When Butch Fatnowna left Mackay and headed to the big smoke to join Wayne Bennett's Brisbane Broncos in 1991, his sister Marion Healy asked the club for some special consideration.
''I asked that they let him come home to us all the time,'' says Healy, an indigenous education counsellor and friend of Ben Barba's family in Mackay. ''I told them that education was important to us and we didn't want to just send them off without them keeping in contact with their families. Butchy at the time was 16, and Wendell [Sailor] went there with him.
''Benny's a bit older than they were. But I remember we were adamant that they put in the allowance that, if the kids get homesick, they have to be allowed back home. The thing is, to make it in a white man's world, you've got to play the rules like them. There's no running away from a contract.''
Barba didn't so much run away from his contract on Monday as have it frozen by Canterbury, whose chief executive Todd Greenberg described the superstar player as ill and requiring professional help.
Barba returns home ''quite a bit'' to Mackay, Healy says, including during the recent holiday season.
''You know when Ben's home,'' she says. ''When he's home, he's in his element, with all the boys. Benny's still a kid but he's done us proud. The news was a shock. But I'm proud of him, proud that he's recognised that he might have a problem.''
The issue - or ''issues'', as it seems - caught out others, too. Laurie Daley, the coach of the Indigenous All Stars, for whom Barba scored three tries a little more than a fortnight ago, said he'd felt no hint of the 23-year-old Dally M medallist's inner turmoil. That's not surprising to Charlie Hunter, the life coach who counselled the then-troubled Todd Carney through his Dally M-winning season.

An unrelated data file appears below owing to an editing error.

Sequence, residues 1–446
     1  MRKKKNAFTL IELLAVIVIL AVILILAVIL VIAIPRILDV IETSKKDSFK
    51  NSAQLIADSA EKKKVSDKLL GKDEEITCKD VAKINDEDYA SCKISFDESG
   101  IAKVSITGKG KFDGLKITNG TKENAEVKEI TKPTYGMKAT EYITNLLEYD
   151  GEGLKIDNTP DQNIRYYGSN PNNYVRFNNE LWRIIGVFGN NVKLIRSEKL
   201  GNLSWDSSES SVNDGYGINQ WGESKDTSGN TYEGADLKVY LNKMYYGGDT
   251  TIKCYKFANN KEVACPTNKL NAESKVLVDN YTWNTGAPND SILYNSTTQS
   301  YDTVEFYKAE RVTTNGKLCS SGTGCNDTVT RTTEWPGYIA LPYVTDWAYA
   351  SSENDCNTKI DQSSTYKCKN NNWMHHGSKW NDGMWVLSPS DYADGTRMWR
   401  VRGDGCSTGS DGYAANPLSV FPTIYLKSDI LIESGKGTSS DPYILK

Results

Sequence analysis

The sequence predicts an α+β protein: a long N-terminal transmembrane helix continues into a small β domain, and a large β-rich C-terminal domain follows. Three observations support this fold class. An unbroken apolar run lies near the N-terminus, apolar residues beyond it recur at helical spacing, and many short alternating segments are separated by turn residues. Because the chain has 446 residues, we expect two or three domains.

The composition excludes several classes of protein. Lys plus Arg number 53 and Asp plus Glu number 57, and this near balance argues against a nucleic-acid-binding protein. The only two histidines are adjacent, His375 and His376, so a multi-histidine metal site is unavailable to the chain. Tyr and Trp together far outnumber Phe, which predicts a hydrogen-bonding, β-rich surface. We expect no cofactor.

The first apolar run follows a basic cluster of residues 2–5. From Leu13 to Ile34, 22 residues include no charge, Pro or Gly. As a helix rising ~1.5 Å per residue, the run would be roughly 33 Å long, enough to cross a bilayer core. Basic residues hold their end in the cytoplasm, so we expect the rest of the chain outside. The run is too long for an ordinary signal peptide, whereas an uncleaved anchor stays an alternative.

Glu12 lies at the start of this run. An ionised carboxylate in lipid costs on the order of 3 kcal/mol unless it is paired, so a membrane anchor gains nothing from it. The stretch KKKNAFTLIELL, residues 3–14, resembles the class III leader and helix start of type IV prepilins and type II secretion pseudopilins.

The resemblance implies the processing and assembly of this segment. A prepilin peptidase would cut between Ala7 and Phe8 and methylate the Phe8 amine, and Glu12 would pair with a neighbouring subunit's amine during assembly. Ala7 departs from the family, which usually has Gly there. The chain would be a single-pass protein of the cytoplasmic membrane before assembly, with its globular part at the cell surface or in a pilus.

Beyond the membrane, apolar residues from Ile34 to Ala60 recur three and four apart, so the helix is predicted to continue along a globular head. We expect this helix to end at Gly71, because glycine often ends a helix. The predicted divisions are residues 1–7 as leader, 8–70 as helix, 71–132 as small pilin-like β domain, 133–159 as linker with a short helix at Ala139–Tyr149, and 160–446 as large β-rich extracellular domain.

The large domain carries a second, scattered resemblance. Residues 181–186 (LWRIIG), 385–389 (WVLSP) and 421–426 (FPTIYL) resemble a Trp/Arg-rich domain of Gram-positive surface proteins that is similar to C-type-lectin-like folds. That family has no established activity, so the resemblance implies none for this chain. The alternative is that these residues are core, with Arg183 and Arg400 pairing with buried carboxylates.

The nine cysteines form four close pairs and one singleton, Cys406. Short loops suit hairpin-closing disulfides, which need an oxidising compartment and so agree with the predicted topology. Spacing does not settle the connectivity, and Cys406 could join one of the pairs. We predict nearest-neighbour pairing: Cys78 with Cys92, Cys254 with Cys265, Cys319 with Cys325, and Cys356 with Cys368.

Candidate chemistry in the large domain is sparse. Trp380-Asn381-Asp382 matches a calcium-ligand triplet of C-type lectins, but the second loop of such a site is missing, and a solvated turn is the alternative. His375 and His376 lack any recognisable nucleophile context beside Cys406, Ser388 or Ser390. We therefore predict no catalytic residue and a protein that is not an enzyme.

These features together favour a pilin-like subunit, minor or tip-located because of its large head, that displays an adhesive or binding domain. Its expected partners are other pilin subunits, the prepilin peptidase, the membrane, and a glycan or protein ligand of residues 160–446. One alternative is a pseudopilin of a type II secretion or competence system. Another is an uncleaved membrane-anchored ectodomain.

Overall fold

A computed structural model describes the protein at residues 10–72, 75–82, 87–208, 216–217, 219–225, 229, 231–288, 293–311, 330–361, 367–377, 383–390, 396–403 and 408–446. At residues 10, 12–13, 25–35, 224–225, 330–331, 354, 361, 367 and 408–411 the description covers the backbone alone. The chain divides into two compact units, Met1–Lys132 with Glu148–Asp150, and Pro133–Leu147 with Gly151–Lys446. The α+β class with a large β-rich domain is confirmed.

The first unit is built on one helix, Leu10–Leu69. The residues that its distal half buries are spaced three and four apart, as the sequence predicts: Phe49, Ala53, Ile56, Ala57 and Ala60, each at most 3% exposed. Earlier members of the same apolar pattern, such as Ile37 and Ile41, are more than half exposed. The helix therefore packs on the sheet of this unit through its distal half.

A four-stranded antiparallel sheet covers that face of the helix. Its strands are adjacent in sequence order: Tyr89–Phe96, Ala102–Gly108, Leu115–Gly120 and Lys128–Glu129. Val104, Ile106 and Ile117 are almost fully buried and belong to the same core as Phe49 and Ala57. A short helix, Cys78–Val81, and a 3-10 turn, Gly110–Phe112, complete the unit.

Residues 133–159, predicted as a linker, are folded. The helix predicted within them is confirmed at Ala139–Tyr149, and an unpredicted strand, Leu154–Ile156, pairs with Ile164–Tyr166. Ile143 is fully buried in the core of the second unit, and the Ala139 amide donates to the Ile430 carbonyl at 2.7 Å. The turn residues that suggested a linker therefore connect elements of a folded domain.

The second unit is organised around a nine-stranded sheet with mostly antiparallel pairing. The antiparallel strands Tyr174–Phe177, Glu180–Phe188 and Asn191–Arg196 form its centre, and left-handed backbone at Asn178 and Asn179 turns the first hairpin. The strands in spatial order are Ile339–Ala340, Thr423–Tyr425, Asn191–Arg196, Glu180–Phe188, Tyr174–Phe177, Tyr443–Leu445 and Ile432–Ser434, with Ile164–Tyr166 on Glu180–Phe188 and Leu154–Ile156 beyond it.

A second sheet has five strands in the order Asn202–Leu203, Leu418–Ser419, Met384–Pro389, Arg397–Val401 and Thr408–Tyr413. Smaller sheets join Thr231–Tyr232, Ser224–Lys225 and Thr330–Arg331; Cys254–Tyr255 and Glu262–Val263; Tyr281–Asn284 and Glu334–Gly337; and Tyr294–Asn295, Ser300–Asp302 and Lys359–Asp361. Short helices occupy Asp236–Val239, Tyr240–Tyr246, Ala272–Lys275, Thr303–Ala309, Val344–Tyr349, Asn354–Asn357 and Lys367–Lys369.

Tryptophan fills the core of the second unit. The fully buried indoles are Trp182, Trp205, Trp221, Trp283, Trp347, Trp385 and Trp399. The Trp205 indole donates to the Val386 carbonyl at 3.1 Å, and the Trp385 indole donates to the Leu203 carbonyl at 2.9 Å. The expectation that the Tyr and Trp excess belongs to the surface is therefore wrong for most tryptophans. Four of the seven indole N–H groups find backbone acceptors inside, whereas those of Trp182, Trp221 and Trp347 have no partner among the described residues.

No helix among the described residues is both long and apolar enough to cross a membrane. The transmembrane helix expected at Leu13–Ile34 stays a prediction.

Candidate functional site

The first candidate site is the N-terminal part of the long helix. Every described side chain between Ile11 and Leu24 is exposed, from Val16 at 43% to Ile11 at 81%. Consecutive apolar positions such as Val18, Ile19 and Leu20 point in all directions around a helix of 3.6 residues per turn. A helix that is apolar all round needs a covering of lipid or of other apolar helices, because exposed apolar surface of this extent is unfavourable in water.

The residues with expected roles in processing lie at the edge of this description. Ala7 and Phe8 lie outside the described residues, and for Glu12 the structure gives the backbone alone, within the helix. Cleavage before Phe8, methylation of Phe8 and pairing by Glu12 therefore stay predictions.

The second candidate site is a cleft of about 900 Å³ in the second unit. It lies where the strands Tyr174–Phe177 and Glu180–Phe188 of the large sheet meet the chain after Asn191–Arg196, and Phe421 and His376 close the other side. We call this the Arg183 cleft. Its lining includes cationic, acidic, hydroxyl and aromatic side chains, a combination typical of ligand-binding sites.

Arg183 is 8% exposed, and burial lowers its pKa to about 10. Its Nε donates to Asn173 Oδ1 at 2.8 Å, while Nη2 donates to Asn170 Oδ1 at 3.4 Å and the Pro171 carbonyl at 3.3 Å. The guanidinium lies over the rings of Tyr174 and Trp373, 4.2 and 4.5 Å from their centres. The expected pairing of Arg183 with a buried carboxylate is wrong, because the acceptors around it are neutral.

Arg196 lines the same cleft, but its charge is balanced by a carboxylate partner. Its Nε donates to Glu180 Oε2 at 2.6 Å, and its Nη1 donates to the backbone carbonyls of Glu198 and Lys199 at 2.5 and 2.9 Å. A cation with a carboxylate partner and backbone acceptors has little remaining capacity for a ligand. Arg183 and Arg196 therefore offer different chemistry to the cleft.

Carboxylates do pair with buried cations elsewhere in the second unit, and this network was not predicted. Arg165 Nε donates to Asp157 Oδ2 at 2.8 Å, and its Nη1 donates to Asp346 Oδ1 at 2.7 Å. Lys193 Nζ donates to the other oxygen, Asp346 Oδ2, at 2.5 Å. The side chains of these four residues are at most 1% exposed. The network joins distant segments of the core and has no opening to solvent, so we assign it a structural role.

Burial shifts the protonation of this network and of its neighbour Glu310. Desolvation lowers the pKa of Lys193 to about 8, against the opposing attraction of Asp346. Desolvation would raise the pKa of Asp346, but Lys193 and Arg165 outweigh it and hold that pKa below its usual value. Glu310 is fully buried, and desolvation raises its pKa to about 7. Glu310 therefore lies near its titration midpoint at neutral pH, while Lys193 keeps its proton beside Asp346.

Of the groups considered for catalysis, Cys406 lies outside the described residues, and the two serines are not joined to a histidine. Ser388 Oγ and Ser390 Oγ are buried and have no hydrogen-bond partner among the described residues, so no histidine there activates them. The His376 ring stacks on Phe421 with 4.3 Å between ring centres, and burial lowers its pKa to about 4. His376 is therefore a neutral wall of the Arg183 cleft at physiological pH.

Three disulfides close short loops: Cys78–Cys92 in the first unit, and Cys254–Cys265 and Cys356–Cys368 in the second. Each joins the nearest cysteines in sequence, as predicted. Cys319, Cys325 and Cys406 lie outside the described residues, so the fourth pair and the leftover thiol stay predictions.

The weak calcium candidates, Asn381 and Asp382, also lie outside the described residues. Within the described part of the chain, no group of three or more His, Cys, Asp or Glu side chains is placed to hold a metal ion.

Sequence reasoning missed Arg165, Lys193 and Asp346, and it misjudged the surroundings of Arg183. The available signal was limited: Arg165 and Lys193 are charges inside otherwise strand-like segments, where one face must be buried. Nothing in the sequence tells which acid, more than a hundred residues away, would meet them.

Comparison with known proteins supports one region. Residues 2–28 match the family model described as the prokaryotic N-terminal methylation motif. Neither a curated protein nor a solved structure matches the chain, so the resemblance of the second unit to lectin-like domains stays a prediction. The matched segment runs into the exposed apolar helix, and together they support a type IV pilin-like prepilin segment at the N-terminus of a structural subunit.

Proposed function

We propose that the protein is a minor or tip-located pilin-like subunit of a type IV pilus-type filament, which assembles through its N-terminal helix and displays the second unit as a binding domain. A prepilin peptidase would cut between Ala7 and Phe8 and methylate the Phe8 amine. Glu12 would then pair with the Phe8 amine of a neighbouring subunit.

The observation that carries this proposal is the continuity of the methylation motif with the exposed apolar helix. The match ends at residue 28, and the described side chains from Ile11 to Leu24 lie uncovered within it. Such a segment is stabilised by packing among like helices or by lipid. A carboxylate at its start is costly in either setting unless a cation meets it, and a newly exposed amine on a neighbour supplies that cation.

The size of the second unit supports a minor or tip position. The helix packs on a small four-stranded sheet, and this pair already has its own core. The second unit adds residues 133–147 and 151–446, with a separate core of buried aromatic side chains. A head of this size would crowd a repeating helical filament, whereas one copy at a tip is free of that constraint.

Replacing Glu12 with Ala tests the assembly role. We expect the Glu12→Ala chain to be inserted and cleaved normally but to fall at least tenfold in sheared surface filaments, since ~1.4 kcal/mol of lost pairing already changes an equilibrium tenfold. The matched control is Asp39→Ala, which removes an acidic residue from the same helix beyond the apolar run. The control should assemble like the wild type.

''None of this is anything new. It's happened plenty of times,'' Hunter says. ''You just change the name, the colours, the uniform.''
It keeps happening, Hunter says, because there is no way to prepare players for the unique off-field demands of professional sport. Prevention attempts are noble, but the cure remains the only real avenue.
''These boys are prepped from a young age to score tries and make tackles. And suddenly there's real pressure to do well. You've got all this money, your family's counting on you, all the motivators are completely different. Their minds aren't wired for that.
''There are great mentors around in clubs, warning young players about dangers, but there's nothing you can really do to get someone ready to have huge pressure at a young age. And, we all have different backgrounds, different histories and different levels of self-esteem.''
Throw in relationship trouble, Hunter says, and things become amplified. One suggested trigger for Barba's problems was his split from long-term partner Ainslie Currie, mother to the couple's two children.
''Usually with these boys, their woman is everything,'' Hunter says.
''It's their spine, the reason they play, the person they're trying to impress and keep happy. When the rock is taken away …''
Far from home, with a frayed relationship, and with the looming obligation of being this year's NRL publicity machine, Barba reportedly started spending time with some good-time boys, known as the ''Epic Bender Crew'', in the Sutherland area and even, apparently, got the acronym ''EBC'' tattooed on his body.
Law enforcement authorities said they had no record of such a group and a manager at a major drinking spot in the area said: ''People down here don't even know them. The only reason I know them is because I know a couple of the blokes and they're always crapping on about it. I couldn't believe that it got that much publicity. Because it's Ben Barba, I guess.''
Barba's parents, Kim and Ken, flew to Sydney on Tuesday night. Healy - who got to know the Barba family closely when she was the president of a rugby league club in Mackay - expects it to be an emotional but positive reunion. ''Ken might need to call on the family way of doing business,'' Healy says. ''If his father's going to pull Benny's head in, so be it. Let Kenny do that. Or his mum, his mum's very strong with him.
''I tell you, every young boy up here wants to be an NRL player. But that world is a hard world to be in. You've got to call on family and friends when the going gets tough. The club can be a family, but only your real family can be there for you when the going gets really tough.''